· Increased channel inventory has added 1 million or more per quarter for the last two quarters which makes forecasting challenging. I expect channel inventory to decrease by 400,000 in the quarter vs. a decline of 300,000 in last year's June quarter.
· Incentives by Apple in developing countries such as India where iPhone sales are now estimated to be running at 400,000 per month
· T-Mobile started carrying the iPhone in April. It sold 500,000 in the first four weeks with estimates in the 750,000 to 900,000 range for the quarter
iPads could become more important to Apple's financial results as the competition in the tablet space is not gaining the same traction as the smartphone market. They could also generate a higher percentage of its sales through commercial vs. consumer customers vs. the iPhone in the future.
I am projecting that Apple sold 20 million iPads which would be a 17% increase from a year ago and up 26% when adjusted for channel inventory. However, with a projected ASP of $440 vs. $538 a year ago (no iPad Mini) revenue of $8.8 billion would decline by 4% year over year.
I am expecting 3.9 million units sold which would be down 1% from March quarter's 3.95 million units and down 3% year over year. This compares to Gartner's estimate that Apple's U.S. Mac sales were down 4% and IDC estimates that they were only down 1%. I am estimating Macs to generate $5.3 billion in revenue which is 15% of my $36 billion in total revenue and up 7% year over year.
Apple's huge buyback program shouldn't have a large impact to EPS in the June quarter. On May 1 Apple took on $17 billion in debt for share buybacks since so much of its cash is overseas.
Even if Apple spent all $17 billion buying back shares at an average of $430 it would have bought back almost 40 million shares or 4.2% of diluted shares. Since the stock would have been bought in the last two months the lower share count would only be "effective" for one month of the quarter. That would mean the EPS impact would only be 1.4% of shares or 13 million shares. While it could have spent more than the $17 billion since it does have over $40 billion in U.S. based cash before it took on debt I wouldn't expect that it spent more than the $17 billion in one quarter.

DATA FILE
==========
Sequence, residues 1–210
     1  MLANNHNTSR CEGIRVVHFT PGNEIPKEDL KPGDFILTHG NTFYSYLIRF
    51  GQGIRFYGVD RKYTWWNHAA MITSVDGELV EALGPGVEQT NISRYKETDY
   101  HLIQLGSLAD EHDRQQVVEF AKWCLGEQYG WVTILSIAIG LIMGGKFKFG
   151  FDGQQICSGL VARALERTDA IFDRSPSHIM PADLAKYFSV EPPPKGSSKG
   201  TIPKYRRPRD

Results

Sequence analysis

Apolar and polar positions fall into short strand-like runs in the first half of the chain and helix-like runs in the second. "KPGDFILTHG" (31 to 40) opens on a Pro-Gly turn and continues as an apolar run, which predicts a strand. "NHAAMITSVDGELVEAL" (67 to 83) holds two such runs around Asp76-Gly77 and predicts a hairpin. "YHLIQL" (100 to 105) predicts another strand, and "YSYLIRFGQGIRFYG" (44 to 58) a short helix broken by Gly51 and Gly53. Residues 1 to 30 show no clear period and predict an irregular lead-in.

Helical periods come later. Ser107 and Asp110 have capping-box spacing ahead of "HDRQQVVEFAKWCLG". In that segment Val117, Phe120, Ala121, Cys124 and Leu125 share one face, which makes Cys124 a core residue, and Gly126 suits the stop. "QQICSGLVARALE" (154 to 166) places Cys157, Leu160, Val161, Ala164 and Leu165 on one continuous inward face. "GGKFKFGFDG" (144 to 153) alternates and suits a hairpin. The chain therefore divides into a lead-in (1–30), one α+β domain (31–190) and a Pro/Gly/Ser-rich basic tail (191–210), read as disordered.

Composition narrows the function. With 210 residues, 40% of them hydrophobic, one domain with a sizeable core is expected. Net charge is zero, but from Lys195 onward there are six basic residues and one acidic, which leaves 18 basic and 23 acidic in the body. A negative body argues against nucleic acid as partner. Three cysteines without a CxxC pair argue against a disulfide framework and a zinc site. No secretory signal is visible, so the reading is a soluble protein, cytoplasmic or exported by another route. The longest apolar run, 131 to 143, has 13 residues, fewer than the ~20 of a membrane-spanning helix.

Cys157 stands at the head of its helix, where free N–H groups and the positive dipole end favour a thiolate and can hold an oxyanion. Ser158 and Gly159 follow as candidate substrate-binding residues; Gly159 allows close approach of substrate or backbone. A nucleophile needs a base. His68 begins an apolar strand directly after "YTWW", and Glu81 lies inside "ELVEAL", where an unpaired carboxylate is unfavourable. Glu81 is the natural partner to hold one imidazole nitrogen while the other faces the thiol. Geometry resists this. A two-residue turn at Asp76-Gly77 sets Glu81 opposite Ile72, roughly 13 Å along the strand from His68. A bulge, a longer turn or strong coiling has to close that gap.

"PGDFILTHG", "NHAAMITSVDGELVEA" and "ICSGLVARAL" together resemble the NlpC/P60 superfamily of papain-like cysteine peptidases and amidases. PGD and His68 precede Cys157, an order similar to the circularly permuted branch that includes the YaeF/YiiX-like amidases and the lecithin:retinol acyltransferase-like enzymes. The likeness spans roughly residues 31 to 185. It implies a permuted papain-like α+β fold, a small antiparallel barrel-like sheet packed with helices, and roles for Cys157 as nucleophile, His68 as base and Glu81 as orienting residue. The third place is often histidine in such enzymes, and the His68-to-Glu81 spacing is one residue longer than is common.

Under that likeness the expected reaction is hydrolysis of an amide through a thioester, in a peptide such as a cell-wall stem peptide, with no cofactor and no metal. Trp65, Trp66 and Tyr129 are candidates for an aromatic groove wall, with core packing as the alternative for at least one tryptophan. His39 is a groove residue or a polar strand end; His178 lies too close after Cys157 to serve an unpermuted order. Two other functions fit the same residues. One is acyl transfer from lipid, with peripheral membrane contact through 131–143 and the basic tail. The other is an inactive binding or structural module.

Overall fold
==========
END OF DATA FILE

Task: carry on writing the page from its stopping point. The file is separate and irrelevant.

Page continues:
I am estimating that the share count did drop by 11 million shares to 935 million since Apple should have been buying back shares starting at the beginning of the quarter.
It appears that Apple's stock put in a double bottom around $385. It does not appear to be either oversold or overbought when looking at its Relative Strength Index (RSI or upper portion of the chart) or is MACD (bottom portion of the chart).
It could run into resistance at its 50 day moving average of $433 and was not able to stay above it when it crossed over it from late April to mid-June. It will have to cross and stay above it for technical traders to get back into the stock.
The shares are trading at 11 times my calendar EPS estimate of $38.40. Along with $60 billion being spent on share buybacks over the next three years I believe the stock is undervalued.
However it probably won't work until the calendar turns and it gets closer to new product announcements or they actually get announced so it can be estimated how much they can move the financial needle. It wouldn't take much to change the sentiment on the shares and get them to $500 or higher.
Disclosure: I am long AAPL. I wrote this article myself, and it expresses my own opinions. I am not receiving compensation for it (other than from Seeking Alpha). I have no business relationship with any company whose stock is mentioned in this article. Sand Hill Insights and Chuck Jones is not a registered investment advisor or broker/dealer. Readers are advised that the material contained herein should be used solely for informational purposes. Sand Hill Insights does not purport to tell or suggest which investment securities readers should buy or sell. Readers should conduct their own research and due diligence and obtain professional advice before making investment decision. Sand Hill Insights will not be liable for any loss or damage caused by information obtained in our materials. Readers are solely responsible for their own investment decisions.